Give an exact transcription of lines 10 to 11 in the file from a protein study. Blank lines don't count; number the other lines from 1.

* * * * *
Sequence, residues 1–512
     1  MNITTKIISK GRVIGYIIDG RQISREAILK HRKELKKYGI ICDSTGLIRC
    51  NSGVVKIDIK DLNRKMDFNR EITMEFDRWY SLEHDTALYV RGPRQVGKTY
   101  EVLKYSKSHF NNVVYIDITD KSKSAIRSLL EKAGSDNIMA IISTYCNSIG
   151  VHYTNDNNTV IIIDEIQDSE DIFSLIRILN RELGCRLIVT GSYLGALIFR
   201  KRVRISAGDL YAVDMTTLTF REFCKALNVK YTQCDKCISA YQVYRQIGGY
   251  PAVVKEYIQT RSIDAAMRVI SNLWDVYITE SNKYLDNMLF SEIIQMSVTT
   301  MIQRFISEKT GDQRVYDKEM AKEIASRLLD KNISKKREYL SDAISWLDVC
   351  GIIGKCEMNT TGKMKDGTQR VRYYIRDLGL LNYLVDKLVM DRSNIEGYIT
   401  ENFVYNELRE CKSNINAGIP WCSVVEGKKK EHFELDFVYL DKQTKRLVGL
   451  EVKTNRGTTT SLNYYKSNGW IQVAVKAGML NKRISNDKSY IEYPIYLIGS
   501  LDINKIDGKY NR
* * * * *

   401  ENFVYNELRE CKSNINAGIP WCSVVEGKKK EHFELDFVYL DKQTKRLVGL
   451  EVKTNRGTTT SLNYYKSNGW IQVAVKAGML NKRISNDKSY IEYPIYLIGS